Here, plaintiff seeks injunctive relief against defendant to discontinue the use of the isolation rooms she alleges are being used as a result of the passage of the Act, to implement security protections such as cameras, to require the isolation rooms to be proportional to other classrooms, and to "address the critical gaps in agency protections," and provide training for police and DCF personnel to recognize and act on educator abuse against disabled children. Defendant, however, does not have the authority to provide the injunctive relief plaintiff seeks. The governor of the State of Kansas is not responsible for making decisions related to individual schools—such decisions are left to the independent school districts and Boards of Education. See, e.g., K.S.A. § 72-1138(e)(1) ("The board may transact all school district business and adopt policies that the board deems appropriate to perform its constitutional duty to maintain, develop and operate local public schools."). And an official's "generalized duty to enforce state law, alone" is insufficient to subject them to a suit challenging a law that they have "no specific duty to enforce." Bishop v. Oklahoma, 333 F. App'x 361, 365 (10th Cir. 2009). Plaintiff cites Robinson v. Kansas, 117 F. Supp. 2d. 1124 (D. Kan. 2000), as authority that the governor is the proper defendant. In Robinson, the court held that the governor, in his official capacity, was the proper party in a suit claiming that allocation of public education funds under Kansas law was unconstitutional because the Kansas Constitution made the governor responsible for the enforcement of Kansas law. Id. at 1138. The governor may be the proper defendant when seeking prospective injunctive relief to prohibit the enforcement of discriminatory school funding, because the governor is ultimately responsible for the enforcement of the state budget. But plaintiff has not pleaded any facts to show that defendant has a "particular duty" to enforce the statute in question, only that he signed the bill into law. The individual school districts themselves make the decisions about the use of the isolation rooms as provided by the Act. See K.S.A. § 72-6153(g) ("Each local board shall develop and implement written policies to govern the use of emergency safety interventions in schools."). And the court is not in a position to order the State, a separate sovereign, to implement any trainings or programs for police or DCF. See Brooks v. Nance, 801 F.2d 1237, 1241 (10th Cir. 1986) (noting "[t]he scrupulous regard for the rightful independence of state governments which should at all times actuate the federal courts, and a proper reluctance to interfere by injunction with their fiscal operations, require that such relief should be denied in every case where the asserted federal rights may be preserved without it . . . .") (citing Real Estate Ass'n v. McNary, 454 U.S. 100 (1981)). For these reasons, the court determines plaintiff has failed to state a claim for injunctive relief against defendant in his official capacity.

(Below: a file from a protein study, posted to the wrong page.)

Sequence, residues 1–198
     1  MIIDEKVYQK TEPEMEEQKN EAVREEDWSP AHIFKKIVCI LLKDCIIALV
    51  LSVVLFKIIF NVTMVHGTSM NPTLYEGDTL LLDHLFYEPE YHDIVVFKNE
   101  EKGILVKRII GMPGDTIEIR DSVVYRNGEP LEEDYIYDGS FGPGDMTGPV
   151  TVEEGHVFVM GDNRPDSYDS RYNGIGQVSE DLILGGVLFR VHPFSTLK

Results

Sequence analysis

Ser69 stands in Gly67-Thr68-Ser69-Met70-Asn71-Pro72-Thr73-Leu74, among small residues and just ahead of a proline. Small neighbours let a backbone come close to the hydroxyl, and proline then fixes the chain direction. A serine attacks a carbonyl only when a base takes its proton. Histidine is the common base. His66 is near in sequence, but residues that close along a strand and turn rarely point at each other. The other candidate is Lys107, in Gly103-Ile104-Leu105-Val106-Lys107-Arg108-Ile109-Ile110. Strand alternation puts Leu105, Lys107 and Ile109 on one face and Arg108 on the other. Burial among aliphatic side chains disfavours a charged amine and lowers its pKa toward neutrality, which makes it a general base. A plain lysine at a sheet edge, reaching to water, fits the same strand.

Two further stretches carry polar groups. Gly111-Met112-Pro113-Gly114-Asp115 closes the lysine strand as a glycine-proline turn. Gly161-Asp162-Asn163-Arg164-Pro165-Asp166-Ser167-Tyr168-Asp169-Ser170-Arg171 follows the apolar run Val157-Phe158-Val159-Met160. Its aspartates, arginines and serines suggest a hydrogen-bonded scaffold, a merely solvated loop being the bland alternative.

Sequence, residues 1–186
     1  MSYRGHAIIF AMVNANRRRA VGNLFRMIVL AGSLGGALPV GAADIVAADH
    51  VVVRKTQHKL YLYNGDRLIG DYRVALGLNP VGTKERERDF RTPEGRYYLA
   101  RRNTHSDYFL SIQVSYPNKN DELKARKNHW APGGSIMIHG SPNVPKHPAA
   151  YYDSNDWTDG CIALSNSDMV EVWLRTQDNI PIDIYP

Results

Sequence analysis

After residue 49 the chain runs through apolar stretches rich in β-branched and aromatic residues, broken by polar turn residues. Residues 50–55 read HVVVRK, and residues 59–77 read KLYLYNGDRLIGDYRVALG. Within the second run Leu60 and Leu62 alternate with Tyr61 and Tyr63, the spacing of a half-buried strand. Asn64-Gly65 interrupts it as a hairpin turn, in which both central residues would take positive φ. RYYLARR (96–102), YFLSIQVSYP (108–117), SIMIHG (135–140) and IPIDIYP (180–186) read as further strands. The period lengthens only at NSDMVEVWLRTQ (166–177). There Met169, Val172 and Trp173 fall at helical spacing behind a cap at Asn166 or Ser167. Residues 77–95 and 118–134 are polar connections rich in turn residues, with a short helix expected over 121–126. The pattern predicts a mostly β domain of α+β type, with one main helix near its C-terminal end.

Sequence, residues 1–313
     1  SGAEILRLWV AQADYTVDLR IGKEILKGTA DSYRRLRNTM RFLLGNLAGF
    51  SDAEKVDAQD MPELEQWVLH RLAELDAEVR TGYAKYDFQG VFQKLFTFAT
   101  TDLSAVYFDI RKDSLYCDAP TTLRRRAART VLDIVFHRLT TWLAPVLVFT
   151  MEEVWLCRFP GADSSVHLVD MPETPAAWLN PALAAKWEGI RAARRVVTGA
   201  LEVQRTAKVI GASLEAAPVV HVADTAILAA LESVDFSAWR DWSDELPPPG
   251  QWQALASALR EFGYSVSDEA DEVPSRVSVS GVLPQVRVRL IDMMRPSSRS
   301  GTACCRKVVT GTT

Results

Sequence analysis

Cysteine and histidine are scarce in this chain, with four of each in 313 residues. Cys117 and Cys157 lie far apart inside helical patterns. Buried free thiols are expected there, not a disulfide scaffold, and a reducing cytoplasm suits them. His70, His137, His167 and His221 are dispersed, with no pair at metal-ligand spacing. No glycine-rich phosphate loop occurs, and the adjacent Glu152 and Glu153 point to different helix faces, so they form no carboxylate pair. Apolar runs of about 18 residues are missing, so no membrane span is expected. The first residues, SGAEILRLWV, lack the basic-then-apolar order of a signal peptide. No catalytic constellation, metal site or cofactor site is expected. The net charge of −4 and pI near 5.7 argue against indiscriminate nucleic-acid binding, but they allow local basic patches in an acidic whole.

b. Individual Capacity Claims under § 1983

An individual capacity claim under § 1983 "seek[s] to impose personal liability upon a government official for actions he takes under color of state law." Graham, 473 U.S. at 165. To establish personal liability in a § 1983 case, a plaintiff must show "that the official, acting under color of state law, caused the deprivation of a federal right." Id. at 166. A victory in an individual capacity claim is, "a victory against the individual defendant, rather than against the entity that employs him." Id. at 167-68.